Dinner at Home
Divide and conquer
Cut up the duck to make leg and breast meat come out perfectly
Spiced duck with glaze: More than Sunday dinner fare, a duck in the oven warrants celebration — dining with friends, indulgent goodness and the art of cooking. (Bill Hogan/Chicago Tribune)
My younger sister's friends surprised me recently when we gathered for an evening of girl talk. When the conversation shifted to food, which happens a lot when I am around, duck talk took center stage. Nearly everyone in the room loved eating it, most had attempted to cook it, and two had great fun boning a duck a la Julia Child. All lamented the excessive richness of most recipes and the fact that duck in this country is nearly always sold whole and frozen solid.
The banter got me wondering: What are the options to buying and cooking a whole bird, and could it be cooked with less overly rich results? First, I am happy to report that the Internet offers a plethora of raw (albeit frozen) whole ducks, boneless duck breasts (magrets in French cookbooks), "chops" made from boneless duck breast and duck legs. With so many options, duck surely deserves a shift from special-occasion fare to more frequent appearances on the dinner table.
I also found fresh duck breasts at the specialty market and boneless duck fillets in the freezer case of several supermarkets. The quick-cooking fillets have an enormous convenience factor. When I have time, I find cutting a thawed whole duck into boneless breasts and easy-to-roast legs easier than cutting up a chicken.
The beauty of cut-up duck? Crisp skin, moist and flavorful meat, moderate richness, quicker cooking, portion control, ease of service, attractive presentation. My holiday dinner just became a no-brainer.
I'll roast the legs until the fat renders out, the skin crisps and the meat is fall-apart tender. For the boneless breasts, just 10 minutes in a hot pan and then a final 10 in a superhot oven will yield medium-pink interiors and stunning flavor.
A blend of sweet spices seasons the duck pieces and fills the house with a great aroma while the duck cooks. Complementing the spices, a ginger glazing sauce finishes the duck beautifully. The glaze simply combines cooked shallots, wine and duck broth along with a generous portion of ginger preserves.
The duck recipe can be cut in half or doubled depending on the size of your dinner party. One duck proves more than enough for three but not quite enough for four. I like to offer a portion of thinly sliced breast alongside a crisp leg. This means there may be leftover duck breast, which makes stunning tacos, warm sandwiches or an incredible salad topping.
Spiced duck with ginger glaze
Prep: 45 minutes
Cook: 1 1/2 hours
Servings: 6 (8 pieces)
Note: Ask your butcher to cut up the ducks if you prefer; indicate that you want two boneless breast halves, two whole legs and the carcass for making broth.
2 whole ducks, each about 6 pounds, rinsed
Poultry spice rub, see recipe below
Ginger glazing sauce, heated, see below
Fresh parsley sprigs
1. Rinse ducks; pat dry. Remove duck breasts by cutting down the breast bone with a very sharp knife and working the knife along the carcass to free the breast. Repeat to remove the breast on the other side. Use the knife to remove the legs at the joint. Save the carcasses to make broth.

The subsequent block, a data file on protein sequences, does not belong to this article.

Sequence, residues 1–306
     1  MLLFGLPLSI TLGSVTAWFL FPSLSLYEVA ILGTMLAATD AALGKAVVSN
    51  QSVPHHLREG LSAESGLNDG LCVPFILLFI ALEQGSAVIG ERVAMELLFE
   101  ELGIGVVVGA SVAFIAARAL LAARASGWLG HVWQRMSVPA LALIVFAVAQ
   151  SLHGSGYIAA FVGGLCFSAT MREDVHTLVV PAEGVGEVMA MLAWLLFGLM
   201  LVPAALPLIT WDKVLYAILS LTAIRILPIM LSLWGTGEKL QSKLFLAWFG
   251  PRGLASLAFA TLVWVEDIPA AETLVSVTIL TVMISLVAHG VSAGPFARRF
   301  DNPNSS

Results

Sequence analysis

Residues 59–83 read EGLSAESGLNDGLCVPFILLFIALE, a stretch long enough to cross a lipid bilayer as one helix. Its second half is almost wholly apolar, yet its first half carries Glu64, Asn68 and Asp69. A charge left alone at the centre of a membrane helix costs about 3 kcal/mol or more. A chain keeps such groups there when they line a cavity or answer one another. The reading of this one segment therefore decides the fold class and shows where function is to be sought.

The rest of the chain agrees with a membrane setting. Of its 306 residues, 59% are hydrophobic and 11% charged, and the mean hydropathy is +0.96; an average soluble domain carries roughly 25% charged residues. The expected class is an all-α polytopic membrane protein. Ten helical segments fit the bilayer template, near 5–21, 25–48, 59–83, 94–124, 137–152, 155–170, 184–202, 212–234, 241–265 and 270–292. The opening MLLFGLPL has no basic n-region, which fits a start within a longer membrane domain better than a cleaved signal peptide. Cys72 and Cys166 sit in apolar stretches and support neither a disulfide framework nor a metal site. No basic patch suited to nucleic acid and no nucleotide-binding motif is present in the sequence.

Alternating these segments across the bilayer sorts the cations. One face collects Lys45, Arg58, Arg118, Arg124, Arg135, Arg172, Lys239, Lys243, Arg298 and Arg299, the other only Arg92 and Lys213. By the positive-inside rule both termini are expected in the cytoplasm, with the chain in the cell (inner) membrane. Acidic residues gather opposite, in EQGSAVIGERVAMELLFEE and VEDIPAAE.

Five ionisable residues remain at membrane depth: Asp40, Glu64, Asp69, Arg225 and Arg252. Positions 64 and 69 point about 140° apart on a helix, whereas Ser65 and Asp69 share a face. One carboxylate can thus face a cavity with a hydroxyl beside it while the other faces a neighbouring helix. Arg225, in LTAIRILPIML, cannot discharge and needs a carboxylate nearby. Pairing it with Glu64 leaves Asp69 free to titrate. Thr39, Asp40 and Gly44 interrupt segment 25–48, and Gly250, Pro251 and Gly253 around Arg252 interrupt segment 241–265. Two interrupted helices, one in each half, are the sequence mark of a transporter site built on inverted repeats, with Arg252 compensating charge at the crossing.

2. Lightly coat the duck breasts and the legs with the spice rub, about 1 tablespoon per duck. Place on a rack set in a baking pan. Refrigerate covered, 1 hour or up to 24 hours.
3. Heat oven to 350 degrees. Set duck breasts aside. Roast the legs on the rack in the baking pan until the juices run clear, 1-1 1/4 hours. Let rest covered with foil while you cook the breasts.
4. Increase oven temperature to 400. Heat a large, well-seasoned cast-iron skillet (or two smaller skillets) over medium-low heat until hot. Add the breasts, skin side down, in a single, uncrowded layer. Cook over low without turning until skin is crisped and nicely browned, about 10 minutes. Flip breasts skin side up; place in oven. Cook until medium rare (breast will be nearly firm at edges but still soft when pressed in the center), 10-12 minutes.
5. To serve, thinly slice the duck breasts. Some guests get a leg and a few slices of the duck breast, while others get all breast. Serve with the ginger sauce; garnish with parsley.
Per serving: 498 calories, 26 g fat, 8 g saturated fat, 195 mg cholesterol, 13 g carbohydrates, 50 g protein, 415 mg sodium, 0 g fiber.
Poultry spice rub
Grind 1 1/2 tablespoons whole coriander seeds, 1 tablespoon anise seed and 1 teaspoon whole cloves in an electric spice mill or mortar and pestle until a fine powder. Add 1 teaspoon ground cinnamon and 1 1/2 teaspoons salt; mix. Makes: about 3 1/2 tablespoons
Ginger glazing sauce
Cook 4 finely chopped shallots in 2 tablespoons butter in a saucepan over medium heat until golden, about 3 minutes. Stir in 1/2 cup dry white wine; boil until reduced to a glaze, about 3 minutes. Stir in 2 cups duck or chicken broth, preferably unsalted or low-sodium; simmer over low, about 20 minutes. Dissolve 2 tablespoons cornstarch in 1/4 cup cold water; vigorously whisk mixture into broth. Cook, whisking constantly, until boiling and thickened. Stir in 1/2 cup ginger preserves, 1 tablespoon balsamic vinegar (or more to taste), 1/2 teaspoon salt and pepper to taste. Taste; adjust seasonings. Makes: about 1 1/2 cups